A limitation of this study is its retrospective nature, as a result of which Other limitations are a patient selection bias resulting from IUS becoming more widely available and accepted and the lack of a control group. Strengths of the study are the large size of the cohort analysed and the real-world setting.

Figure 1. Proposal of a POC IUS algorithm


    1. Maaser C, Sturm A, Vavricka SR, et al. ECCO-ESGAR Guideline for Diagnostic Assessment in Inflammatory Bowel Disease. J Crohns Colitis 2019;13:144–64.
    2. de Voogd FAE, Verstockt B, Maaser C, Gecse KB. Point-of-care intestinal ultrasonography in inflammatory bowel disease. Nat Rev Gastroenterol Hepatol 2021;18:209–10.
    3. Novak K, Tanyingoh D, Petersen F, et al. Clinic-based point of care transabdominal ultrasound for monitoring Crohn’s disease: impact on clinical decision making. J Crohns Colitis 2015;9:795–801.
    4. Sandborn WJ, Feagan BG, Hanauer SB, et al. A review of activity indices and efficacy endpoints for clinical trials of medical therapy in adults with Crohn’s disease. Gastroenterology 2002;122:512–30.
    5. Smith RL, Taylor KM, Friedman AB, Gibson RN, Gibson PR. Systematic review: Clinical utility of gastrointestinal ultrasound in the diagnosis, assessment and management of patients with ulcerative colitis. J Crohns Colitis 2020;14:465–79.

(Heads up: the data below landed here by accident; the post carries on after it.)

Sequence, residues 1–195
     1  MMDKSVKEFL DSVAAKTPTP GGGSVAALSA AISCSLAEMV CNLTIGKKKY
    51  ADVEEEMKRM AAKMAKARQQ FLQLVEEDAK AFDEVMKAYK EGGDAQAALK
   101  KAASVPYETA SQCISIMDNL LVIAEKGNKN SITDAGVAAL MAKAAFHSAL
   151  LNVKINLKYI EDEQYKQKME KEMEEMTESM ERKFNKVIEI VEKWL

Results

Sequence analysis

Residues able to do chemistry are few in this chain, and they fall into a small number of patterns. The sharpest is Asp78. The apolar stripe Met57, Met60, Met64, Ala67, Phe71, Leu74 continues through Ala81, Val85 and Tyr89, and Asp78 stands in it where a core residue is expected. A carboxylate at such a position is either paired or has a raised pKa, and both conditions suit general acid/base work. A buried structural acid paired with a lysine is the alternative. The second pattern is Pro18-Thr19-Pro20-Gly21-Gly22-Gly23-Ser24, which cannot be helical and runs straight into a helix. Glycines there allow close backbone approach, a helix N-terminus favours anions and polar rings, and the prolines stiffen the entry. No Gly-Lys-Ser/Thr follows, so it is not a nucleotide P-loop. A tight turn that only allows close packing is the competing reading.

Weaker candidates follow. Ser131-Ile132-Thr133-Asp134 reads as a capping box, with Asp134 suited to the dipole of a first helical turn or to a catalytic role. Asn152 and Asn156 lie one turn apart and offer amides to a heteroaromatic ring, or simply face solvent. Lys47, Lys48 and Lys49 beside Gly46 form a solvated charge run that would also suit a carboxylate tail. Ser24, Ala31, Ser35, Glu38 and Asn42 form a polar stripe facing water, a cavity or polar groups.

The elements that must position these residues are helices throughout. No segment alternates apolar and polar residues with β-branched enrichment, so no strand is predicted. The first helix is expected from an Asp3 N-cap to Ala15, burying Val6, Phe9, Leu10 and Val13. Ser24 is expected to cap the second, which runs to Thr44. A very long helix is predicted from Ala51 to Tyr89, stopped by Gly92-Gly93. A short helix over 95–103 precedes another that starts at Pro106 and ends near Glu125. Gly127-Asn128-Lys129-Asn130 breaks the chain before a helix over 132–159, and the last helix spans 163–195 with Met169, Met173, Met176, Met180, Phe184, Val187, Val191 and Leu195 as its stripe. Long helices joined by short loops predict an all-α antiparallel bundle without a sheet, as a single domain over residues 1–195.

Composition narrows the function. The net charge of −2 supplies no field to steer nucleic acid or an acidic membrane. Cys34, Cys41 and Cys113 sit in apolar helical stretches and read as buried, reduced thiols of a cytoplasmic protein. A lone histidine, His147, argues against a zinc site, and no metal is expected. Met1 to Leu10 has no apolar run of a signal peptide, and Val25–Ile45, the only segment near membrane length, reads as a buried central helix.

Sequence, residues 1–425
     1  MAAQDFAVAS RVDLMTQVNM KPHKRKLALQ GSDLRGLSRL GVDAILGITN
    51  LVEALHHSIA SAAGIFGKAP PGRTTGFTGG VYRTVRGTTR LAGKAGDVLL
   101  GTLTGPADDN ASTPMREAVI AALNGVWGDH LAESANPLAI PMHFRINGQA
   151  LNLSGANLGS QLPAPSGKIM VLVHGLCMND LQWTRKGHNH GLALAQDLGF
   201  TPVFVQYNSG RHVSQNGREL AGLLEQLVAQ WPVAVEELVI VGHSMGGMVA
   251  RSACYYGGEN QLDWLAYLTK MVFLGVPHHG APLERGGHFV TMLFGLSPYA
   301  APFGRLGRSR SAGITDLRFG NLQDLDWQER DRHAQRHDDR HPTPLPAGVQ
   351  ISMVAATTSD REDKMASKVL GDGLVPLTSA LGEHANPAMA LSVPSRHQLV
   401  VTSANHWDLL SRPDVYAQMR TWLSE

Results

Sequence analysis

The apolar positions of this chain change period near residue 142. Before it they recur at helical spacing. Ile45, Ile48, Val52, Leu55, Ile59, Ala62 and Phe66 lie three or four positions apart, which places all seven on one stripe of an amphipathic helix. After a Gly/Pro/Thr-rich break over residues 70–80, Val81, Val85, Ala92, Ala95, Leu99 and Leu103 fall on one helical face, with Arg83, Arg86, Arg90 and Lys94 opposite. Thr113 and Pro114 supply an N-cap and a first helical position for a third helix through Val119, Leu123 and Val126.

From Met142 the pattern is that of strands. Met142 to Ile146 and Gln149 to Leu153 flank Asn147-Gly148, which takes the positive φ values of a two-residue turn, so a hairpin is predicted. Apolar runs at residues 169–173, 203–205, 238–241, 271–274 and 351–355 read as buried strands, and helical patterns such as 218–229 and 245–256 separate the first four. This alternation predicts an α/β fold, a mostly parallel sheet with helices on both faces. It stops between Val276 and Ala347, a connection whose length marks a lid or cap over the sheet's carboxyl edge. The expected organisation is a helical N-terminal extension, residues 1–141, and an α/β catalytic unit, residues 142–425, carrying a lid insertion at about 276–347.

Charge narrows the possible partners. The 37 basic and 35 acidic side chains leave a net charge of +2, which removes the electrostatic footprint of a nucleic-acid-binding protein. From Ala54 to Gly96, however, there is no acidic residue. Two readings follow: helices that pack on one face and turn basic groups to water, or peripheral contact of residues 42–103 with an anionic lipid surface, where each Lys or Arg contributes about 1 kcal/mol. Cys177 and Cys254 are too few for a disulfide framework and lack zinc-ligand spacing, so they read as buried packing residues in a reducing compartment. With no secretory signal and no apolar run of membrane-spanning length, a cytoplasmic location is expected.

6. Taylor SA, Mallett S, Bhatnagar G, et al.; METRIC study investigators. Diagnostic accuracy of magnetic resonance enterography and small bowel ultrasound for the extent and activity of newly diagnosed and relapsed Crohn’s disease [METRIC]: a multicentre trial. Lancet Gastroenterol Hepatol 2018;3:548–58.
    7. Sagami S, Kobayashi T, Aihara K, et al. Transperineal ultrasound predicts endoscopic and histological healing in ulcerative colitis. Aliment Pharmacol Ther 2020;51:1373–83.
    8. Wilkens R, Novak KL, Lebeuf-Taylor E, Wilson SR. Impact of intestinal ultrasound on classification and management of Crohn’s disease patients with inconclusive colonoscopy. Can J Gastroenterol Hepatol 2016;2016:8745972.
    9. Allocca M, Furfaro F, Fiorino G, Peyrin-Biroulet L, Danese S. Point-of-care ultrasound in inflammatory bowel disease. J Crohns Colitis 2021;15:143–51.

Andrea Centritto - Short Biography

My name is Andrea Centritto, I’m a gastroenterologist working as senior fellow in Inflamatory Bowel Disease at the Guy’s and St. Thomas’ NHS Trust in London. I am a qualified small bowel sonographer and my fellowship’s project is to implement the SB ultrasound service in our Trust. My main interest is IBD and within it the development of IUS as daily tool of diagnosis and monitoring, and endoscopy.

Posted in ECCO News, Y-ECCO Literature Reviews, Committee News, Volume 18, Issue 1, Y-ECCO